By White, Stephen W.
National Forum , Vol. 72, No. 3
With so many frontiers to explore in today's world, in genetics, in neurobiology, in medicine, in early childhood development, in race relations, in immunology, in computer science (is the list finite?), why should we select the space frontier as a topic for National Forum? First, there are historical reasons for the selection. It is the 500th anniversary of the discovery of America. The year 1992 is, therefore, a good year to reflect on the questions raised by and the meaning of the Columbus quest. The year 1992 is also, the National Commission on Space reminds us, the 75th anniversary of the founding of the Soviet Union and the 35th anniversaries of the International Geophysical Year and the launching of Sputnik. Moreover, in 1985 in a bill authorizing NASA funding, Congress declared 1992 as International Space Year.
A second reason for focussing on the space frontier is that the big question Americans have not yet really grappled with is, Granted that there has been a lot of activity in space, should we become a "spacefaring" people? And if so, Why?
Thirdly, there are advocates for establishing settlements in space. Tom Wolfe put the case for space exploration bluntly in the National Space Commission's report: "The purpose of the space program should be pointed and single-minded: namely, the exploration, by men and women, of the rest of the Universe--and the establishment of extraterrestrial colonies." James Michener, in this same report stated, "I cannot visualize mankind stopping at our present thresholds, either physically or mentally, and I am convinced that if we Americans do not do the exploring . . . someone else will . . . . we have a national obligation to help or even lead."
If this rhetoric does not stir something deep within each of us, then we must read Pioneering the Space Frontier. For this report will help one appreciate the fact that NASA's and hence American space efforts are anything but one-dimensional. For the pragmatist, NASA has a publication entitled Spinoff (See James Van Allen's comments on the use of this term). It is chock-full of justifications for the space effort, for NASA-initiated projects are not just expanding basic scientific knowledge in astronomy, physics, medicine, etc. Such projects are contributing to supersonic and hypersonic technology development (air vehicles travelling at supersonic and hypersonic speeds), STOVL research (Short TakeOff and Vertical Landing Aircraft like the Navy/Marine Corps AV-8B Harrier), the development of such practical things as aircraft-icing sensors, solid state lasers, gas sensors, signal processors, optical instruments, heart rate monitors, liquid crystals, virtual reality computer technology, etc.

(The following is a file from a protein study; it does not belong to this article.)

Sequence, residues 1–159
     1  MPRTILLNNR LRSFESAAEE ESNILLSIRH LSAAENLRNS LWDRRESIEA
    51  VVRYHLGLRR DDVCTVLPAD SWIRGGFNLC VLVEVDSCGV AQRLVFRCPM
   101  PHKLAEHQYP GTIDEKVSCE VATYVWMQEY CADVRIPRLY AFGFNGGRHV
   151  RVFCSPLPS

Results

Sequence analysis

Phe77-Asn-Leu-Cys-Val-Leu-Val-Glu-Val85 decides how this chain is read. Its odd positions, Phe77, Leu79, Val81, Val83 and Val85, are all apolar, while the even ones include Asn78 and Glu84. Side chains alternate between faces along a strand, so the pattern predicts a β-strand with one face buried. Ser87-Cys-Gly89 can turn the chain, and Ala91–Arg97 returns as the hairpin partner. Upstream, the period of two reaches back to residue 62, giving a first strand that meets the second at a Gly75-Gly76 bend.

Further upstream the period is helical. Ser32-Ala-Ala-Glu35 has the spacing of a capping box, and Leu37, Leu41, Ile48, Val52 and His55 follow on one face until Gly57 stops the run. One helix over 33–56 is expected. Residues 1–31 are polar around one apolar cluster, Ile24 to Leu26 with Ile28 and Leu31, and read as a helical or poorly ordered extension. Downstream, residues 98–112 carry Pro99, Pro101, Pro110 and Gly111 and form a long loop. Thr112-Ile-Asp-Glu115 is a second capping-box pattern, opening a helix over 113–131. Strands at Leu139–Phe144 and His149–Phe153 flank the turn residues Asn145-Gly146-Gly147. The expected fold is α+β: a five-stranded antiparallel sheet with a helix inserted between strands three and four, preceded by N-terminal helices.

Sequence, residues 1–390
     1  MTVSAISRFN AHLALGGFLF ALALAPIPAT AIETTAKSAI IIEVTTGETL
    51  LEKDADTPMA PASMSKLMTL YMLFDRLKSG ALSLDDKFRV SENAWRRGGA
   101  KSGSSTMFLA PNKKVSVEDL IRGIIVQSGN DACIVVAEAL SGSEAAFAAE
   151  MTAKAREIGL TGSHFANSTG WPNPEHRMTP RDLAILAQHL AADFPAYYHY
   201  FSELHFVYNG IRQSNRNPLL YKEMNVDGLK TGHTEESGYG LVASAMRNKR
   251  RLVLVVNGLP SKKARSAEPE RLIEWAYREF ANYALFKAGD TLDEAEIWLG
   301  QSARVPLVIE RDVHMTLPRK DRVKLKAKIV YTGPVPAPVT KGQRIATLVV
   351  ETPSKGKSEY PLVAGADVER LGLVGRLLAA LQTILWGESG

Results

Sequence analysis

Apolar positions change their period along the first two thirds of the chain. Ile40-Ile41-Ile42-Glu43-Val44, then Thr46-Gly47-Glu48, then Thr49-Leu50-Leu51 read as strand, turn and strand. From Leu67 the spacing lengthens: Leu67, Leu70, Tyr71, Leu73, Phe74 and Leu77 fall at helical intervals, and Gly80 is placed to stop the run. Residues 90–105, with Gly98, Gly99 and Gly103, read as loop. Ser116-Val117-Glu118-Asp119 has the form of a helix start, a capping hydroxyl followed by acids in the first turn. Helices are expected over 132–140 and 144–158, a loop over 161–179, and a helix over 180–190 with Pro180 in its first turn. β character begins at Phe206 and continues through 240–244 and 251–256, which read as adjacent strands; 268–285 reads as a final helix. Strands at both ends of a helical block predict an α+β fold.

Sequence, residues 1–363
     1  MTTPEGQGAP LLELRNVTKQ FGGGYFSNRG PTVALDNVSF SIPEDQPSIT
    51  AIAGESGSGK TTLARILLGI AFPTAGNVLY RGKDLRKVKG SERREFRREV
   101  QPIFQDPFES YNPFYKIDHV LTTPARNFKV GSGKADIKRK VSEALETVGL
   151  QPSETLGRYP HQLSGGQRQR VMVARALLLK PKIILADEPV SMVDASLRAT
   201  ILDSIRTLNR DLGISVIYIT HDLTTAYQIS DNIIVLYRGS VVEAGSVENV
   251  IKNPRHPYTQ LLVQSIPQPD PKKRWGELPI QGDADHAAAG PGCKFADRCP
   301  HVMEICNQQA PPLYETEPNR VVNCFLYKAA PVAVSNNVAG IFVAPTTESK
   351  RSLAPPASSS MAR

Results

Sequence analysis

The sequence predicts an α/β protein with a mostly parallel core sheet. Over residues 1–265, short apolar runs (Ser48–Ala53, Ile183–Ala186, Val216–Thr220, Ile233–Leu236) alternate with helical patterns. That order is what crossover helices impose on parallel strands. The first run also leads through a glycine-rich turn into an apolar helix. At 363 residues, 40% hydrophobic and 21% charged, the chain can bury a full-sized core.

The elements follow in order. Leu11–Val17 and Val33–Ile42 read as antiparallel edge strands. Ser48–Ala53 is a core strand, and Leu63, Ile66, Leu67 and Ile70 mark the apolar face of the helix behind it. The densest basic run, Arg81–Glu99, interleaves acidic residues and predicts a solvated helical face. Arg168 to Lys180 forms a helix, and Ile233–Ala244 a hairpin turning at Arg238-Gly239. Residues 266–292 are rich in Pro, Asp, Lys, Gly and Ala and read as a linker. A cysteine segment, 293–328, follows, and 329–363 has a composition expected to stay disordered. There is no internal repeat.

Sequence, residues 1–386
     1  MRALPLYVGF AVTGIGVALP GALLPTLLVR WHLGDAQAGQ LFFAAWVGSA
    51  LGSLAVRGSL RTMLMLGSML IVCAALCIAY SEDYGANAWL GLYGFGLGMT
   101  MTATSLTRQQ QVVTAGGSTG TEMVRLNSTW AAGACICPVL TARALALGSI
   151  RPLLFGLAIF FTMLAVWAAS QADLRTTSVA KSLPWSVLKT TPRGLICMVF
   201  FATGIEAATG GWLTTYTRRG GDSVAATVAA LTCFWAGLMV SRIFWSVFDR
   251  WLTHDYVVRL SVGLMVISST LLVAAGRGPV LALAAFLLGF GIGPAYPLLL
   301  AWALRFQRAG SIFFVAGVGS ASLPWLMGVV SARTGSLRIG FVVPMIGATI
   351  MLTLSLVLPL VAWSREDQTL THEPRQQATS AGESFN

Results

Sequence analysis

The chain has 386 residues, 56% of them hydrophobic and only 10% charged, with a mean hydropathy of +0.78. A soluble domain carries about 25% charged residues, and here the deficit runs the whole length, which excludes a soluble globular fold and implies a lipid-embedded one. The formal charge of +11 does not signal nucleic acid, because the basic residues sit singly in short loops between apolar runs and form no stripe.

Fifth, the successful exploitation of space has inspired a collective focussing of intellectual effort and resources unparalleled in any technological endeavor. For a few brief years, the space effort molded this nation's people into a competitive team, and the results were inspirational.
It has been 23 years since Neil Armstrong, Buzz Aldrin, and Michael Collins travelled to the moon--July 20, 1969. July 20, 1969! Which American can ever forget that date? In fact, the National Commission on Space has proposed that July 20 be declared National Space Day, "without establishing it as a legal holiday." Who could possibly be opposed?
Sixth, one cannot doubt the intellectual, indeed even theological, significance of the space quest. The Great Observatories program alone is sufficient to justify considerable interest and investment in space. This includes the Hubble Space Telescope which when fully operational will allow us to "look back in time some 14 billion years to the early days of the universe." Astronomers have already drawn conclusions about the origins of the universe from Hubble's presence in space. …